Digital politics and the Chinese yuan
American experts in the field of financial technology analyzed the current situation with Chinese payment applications and made a forecast of the development of events in the competition between the United States and China in the field of global finance.
One of the most recent orders from Donald Trump as the United States president was the ban on a number of Chinese applications designed to make mobile payments. The ban, promulgated on January 5, was Trump’s reaction to the possibility that through these applications the Beijing authorities could gain access to the personal data of Americans.
Popular services as Alipay and WeChat Pay were banned. These apps are very popular in China and several other countries whose residents are already accustomed to buying food and clothing, paying utility bills, and spending money on entertainment through these payment services.
The tendency for China to seize more and more significant positions in financial technology globally is a big threat to the United States of America. Washington strongly dislikes that China’s influence is growing in global financial markets. The US authorities have serious concerns that the Chinese Communist Party will be able, not only to achieve a dominant position in world trade but also, to gain a foothold in it. This means that the US dollar will no longer be able to play the role of a global reserve currency everywhere.
Having started as something comic and entertaining for the convenience of giving gifts on traditional holidays, mobile payment apps in China are tools of a giant industry today. Experts estimate that more than $42 trillion of transactions are made through mobile payment systems annually. A comparison of Chinese payment systems with PayPal and Venmo in the US revealed that about 150 times less money passes through PayPal and Venmo per year.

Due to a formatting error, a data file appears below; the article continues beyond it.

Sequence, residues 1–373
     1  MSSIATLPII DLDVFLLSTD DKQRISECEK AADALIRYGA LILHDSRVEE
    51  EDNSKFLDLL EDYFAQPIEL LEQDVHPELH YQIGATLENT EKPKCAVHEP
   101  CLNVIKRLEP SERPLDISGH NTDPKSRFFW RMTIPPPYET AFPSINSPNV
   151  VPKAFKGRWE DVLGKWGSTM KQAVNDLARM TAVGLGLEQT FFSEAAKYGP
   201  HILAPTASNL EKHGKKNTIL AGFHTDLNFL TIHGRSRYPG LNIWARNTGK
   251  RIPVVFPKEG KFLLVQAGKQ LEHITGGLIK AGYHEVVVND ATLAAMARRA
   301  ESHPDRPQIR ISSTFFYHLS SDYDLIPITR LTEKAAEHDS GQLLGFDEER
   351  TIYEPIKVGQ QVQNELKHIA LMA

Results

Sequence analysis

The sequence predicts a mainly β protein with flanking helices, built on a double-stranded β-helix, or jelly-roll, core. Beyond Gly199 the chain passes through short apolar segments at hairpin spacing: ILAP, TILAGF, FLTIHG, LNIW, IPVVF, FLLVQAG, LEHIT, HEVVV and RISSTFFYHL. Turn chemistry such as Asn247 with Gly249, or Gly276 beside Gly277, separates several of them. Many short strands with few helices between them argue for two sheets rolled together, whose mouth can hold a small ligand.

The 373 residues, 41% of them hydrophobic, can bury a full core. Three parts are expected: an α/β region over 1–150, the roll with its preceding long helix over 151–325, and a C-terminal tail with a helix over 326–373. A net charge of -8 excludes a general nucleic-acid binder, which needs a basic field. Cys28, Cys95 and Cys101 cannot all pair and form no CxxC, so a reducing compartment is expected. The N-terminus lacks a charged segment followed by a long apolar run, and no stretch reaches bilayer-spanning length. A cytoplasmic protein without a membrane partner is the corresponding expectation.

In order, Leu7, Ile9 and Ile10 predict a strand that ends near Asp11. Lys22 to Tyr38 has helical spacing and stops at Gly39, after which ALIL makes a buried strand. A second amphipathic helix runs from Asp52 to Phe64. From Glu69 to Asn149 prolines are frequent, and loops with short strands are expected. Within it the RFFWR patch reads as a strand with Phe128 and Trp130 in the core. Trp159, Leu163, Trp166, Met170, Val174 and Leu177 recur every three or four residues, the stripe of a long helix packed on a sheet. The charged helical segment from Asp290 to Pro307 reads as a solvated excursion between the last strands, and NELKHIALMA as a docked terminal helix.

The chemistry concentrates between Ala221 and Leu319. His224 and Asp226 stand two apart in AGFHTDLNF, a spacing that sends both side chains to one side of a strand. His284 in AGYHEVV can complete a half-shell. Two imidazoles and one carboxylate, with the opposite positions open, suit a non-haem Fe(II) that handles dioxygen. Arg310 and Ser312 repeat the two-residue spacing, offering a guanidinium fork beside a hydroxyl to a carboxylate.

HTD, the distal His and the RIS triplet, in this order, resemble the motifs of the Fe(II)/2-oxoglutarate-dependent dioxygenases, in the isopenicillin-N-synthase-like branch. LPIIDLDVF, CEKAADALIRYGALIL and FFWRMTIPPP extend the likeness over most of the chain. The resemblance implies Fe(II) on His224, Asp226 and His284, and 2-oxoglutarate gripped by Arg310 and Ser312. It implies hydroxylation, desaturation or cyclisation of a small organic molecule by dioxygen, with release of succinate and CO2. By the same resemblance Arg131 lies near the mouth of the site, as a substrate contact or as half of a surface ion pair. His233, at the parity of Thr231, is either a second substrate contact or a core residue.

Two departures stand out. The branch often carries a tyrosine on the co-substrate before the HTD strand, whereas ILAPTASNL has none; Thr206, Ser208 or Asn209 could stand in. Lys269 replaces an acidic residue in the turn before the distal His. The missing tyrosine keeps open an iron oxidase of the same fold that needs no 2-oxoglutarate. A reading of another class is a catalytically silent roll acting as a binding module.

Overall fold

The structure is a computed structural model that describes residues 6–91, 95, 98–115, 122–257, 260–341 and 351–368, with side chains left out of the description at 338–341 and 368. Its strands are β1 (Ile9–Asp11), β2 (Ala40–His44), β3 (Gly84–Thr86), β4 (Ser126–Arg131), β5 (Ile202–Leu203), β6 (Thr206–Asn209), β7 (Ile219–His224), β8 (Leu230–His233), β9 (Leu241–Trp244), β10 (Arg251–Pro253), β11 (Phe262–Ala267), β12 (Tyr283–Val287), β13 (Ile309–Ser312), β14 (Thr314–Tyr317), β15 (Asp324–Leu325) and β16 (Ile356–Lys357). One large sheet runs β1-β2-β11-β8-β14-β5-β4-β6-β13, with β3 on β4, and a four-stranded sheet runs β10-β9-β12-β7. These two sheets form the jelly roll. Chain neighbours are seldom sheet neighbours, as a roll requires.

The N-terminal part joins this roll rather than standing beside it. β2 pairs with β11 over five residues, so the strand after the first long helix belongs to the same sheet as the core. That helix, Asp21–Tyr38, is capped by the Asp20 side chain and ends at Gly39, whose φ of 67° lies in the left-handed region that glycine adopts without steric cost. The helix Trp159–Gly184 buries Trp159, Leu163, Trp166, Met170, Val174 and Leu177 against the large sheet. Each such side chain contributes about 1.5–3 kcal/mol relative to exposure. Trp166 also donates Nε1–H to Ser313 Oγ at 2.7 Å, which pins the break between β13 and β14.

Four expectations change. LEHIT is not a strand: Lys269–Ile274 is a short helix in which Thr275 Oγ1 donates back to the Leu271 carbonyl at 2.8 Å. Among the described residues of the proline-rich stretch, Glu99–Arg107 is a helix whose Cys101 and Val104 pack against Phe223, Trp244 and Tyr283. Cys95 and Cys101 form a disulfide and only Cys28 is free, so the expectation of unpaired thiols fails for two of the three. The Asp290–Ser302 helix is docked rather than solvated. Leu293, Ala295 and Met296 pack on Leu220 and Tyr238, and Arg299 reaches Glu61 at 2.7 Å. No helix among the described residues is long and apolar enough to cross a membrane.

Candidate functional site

A huge number of transfers through payment applications allow collecting data about the life and actions of people. This information can be used to control and track the movement of any persons of interest to the authorities. For example, in Hong Kong, the authorities are already using such data to identify protesters and disaffected.
Such prospects cause discontent not only in the United States but also in a number of other countries. For example, in 2018, an Indian parliamentarian spoke out expressing concern about current and future political risks. It is officially believed that these concerns prompted Trump to issue the ban.
Chinese fintech companies are actively expanding in countries where they have established a foothold. Providing popular services to the population, they gradually become a crucial part of the economy. A prime example is Singapore, where China has an obvious advantage.
In recent years, the digital yuan has been rapidly expanding its scope. In a number of Asian countries and not only, it noticeably pressed the dollar, creating the preconditions for the emergence of a new digital reserve currency. For example, Russia has significantly increased the share of the yuan in trade and reserves since 2016, while the share of the dollar has significantly decreased over the same period.
Experts believe that the United States must act immediately, otherwise, it will find itself in the position of catching up. The weakening of the dollar’s position in fintech and the decline in its role as a reserve currency will lead to the loss of leverage in many regions of the planet.